The Miami Dolphins continue their ongoing evaluation of whom will start the season at quarterback between veteran Ryan Fitzpatrick and second-year newly acquired, Josh Rosen. And on Monday morning, coach Brian Flores announced that after Rosen had started game two last Friday night in Tampa, Fitzpatrick will be back under center to begin the game against the Jacksonville Jaguars this Thursday.
Flores met with a media prior to the Dolphins latest workout on Monday but also said not to read too much into the latest QB switch:
Brian Flores says not accurate to say Ryan Fitzpatrick is projected starter vs. Baltimore – yet. Ideally, will have one QB this year. Potentially name starter after this week but not set in stone. #miamidolphins
— Joe Schad (@schadjoe) August 19, 2019
Miami started Rosen against the Buccaneers, whom they acquired from the Arizona Cardinals in a draft weekend trade. And, as we wrote, he was largely ineffective for most of Friday night’s first half that he played.
The final stat line read 10-18 102 yards 0 TD and 0 INT, which indicates an average half of football.
And, yes there were damp conditions from pregame rain in Tampa, but Rosen on multiple occasions threw behind or low towards receivers that were open for possible gains. He was also jittery against the Bucs occasional blitz package from new defensive coordinator Todd Bowles and Rosen was sacked three times and knocked down several others.
A key moment of scrutiny was when Rosen was unable to get the team in the end zone after they got outstanding field position on a Buccaneers 31 yard line midway through the first after fumble buy backup running back Andre Ellington. The Fins moved inside the 10, but Tampa Bay held Miami on fourth down, where Rosen threw incomplete in the right corner of the end zone to backup receiver Isaiah Ford and Miami came away with no points.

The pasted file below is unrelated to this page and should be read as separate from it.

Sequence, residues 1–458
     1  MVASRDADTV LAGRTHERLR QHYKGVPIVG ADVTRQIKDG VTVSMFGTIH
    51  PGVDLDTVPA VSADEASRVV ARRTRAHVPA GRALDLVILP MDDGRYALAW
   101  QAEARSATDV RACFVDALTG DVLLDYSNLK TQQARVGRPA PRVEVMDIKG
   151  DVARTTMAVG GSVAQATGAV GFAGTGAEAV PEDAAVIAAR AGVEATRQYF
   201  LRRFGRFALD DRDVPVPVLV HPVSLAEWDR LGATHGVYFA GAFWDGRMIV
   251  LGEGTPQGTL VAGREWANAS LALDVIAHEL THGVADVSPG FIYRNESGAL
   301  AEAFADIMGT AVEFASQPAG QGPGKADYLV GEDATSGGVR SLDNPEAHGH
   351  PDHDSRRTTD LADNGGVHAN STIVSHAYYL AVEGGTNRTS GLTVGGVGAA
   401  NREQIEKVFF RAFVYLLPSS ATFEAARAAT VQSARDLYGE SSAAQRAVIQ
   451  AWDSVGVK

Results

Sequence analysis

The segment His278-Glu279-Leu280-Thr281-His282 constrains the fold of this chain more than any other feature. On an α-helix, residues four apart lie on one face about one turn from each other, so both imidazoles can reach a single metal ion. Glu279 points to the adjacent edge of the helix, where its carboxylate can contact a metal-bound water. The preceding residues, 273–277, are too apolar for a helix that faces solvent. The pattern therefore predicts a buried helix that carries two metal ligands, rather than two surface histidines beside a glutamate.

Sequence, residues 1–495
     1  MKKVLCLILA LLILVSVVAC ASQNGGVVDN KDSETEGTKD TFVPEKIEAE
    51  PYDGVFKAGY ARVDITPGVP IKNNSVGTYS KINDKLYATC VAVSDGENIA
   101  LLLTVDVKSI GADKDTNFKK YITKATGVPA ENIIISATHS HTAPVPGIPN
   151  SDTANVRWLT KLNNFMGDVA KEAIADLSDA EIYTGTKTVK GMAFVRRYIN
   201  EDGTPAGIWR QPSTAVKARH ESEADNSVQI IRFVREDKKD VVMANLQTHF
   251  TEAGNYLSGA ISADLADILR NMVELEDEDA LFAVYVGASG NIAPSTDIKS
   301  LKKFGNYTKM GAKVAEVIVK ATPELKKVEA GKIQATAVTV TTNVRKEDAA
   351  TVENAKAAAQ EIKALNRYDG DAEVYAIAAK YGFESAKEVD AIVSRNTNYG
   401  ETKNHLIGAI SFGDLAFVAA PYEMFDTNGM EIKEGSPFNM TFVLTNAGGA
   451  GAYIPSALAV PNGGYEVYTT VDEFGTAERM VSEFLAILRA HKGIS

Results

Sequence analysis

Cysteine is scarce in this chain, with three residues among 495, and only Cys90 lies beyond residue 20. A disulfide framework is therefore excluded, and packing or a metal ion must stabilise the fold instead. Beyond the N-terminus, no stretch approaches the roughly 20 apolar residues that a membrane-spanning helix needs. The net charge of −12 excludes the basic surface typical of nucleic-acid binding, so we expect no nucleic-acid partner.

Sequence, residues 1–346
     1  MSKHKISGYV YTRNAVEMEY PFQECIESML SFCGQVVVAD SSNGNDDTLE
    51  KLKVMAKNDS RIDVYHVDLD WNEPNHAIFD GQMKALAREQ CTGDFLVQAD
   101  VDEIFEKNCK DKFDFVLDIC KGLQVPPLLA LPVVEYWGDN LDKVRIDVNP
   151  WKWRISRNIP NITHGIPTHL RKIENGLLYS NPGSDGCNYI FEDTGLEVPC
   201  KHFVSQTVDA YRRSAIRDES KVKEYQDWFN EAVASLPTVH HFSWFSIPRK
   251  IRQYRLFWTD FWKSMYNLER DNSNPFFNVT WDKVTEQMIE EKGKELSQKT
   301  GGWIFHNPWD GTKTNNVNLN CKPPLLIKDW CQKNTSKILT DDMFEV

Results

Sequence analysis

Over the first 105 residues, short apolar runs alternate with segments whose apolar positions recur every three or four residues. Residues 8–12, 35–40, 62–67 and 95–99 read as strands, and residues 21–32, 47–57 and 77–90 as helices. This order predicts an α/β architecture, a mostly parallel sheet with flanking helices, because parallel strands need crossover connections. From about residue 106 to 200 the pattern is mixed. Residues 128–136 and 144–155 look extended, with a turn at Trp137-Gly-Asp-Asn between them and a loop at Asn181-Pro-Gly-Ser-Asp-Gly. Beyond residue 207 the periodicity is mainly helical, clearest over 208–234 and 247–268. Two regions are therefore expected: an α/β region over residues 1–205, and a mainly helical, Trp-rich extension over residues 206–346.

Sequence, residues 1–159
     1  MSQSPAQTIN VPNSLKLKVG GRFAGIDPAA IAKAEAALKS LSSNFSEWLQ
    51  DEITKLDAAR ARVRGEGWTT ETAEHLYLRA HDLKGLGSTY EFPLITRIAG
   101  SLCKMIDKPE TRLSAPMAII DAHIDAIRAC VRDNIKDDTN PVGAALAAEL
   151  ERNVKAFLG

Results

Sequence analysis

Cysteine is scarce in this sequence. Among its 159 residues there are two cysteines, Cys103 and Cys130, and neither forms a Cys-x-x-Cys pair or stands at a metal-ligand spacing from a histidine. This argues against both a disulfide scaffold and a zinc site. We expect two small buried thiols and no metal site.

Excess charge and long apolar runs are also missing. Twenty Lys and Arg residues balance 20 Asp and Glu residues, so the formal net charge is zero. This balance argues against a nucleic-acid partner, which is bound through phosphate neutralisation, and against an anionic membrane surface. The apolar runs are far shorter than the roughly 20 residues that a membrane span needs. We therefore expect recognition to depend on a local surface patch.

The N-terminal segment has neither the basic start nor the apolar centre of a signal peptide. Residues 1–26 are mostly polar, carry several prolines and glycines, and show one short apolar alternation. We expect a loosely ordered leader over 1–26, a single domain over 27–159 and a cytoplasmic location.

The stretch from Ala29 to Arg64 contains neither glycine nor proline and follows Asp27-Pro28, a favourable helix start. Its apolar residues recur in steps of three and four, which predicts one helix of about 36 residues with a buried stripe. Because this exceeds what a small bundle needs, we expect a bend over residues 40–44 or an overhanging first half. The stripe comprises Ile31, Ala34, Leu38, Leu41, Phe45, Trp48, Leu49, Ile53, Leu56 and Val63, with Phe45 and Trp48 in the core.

While Flores tried to make it clear that the media and fans should not read too much into going back to Fitzpatrick as an indication on who will be the opening day starter, it will likely be the veteran when Miami hosts the Baltimore Ravens on September 8th.
Miami obviously knows what they have in the 15-year veteran Fitzpatrick, who started the first three games of last season with the Tampa Bay Buccaneers. And he led them to two victories and was named the NFC Offensive Player of the Week for both of the first to win in 2018.
However, just because Fitzpatrick starts the Jaguars game Thursday night, doesn’t mean Rosen won’t play in the first half with the first team to get another look for new offensive coordinator, Chad O’Shea.
The game Thursday night will also be televised nationally by Fox and the Jaguars are expected to play their starters throughout the first half, and perhap, into the early part of the third quarter.
That will give Fitzpatrick and maybe, Rosen, ample opportunity to see what they can do against a quality defense.
Pass interference overrule in Jets win over Dolphins shows flaws
The inconsistent application and rulings of the new NFL pass interference replay policy was, again, on full display Sunday afternoon at The Meadowlands. And when the league’s officiating command center gave the Jets a first down on a pass interference call that wasn’t even made by their game officials, it helped New York kick the winning field goal to beat the Dolphins 22 – 21.
And, understandably, Dolphins coach Brian Flores was none too happy with the whole thing.
Although Flores refused to elaborate about why he went running after and arguing with the officials before his post-game handshake with Jets coach (and former Dolphins boss) Adam Gase, it was clear he was none too pleased with the ending to the game.
From last nite…The afternoon for Brian Flores and Adam Gase: Emotions decided by an unseen strangerhttps://t.co/XkUmph2hWK
— Armando Salguero (@ArmandoSalguero) December 9, 2019
To reset the scene, the Jets were driving trying to retake the lead trailing 21 – 19. This was after Dolphins kicker Jason Sanders had made his seventh field goal from 37 yrards for Miami to hold a two-point advantage.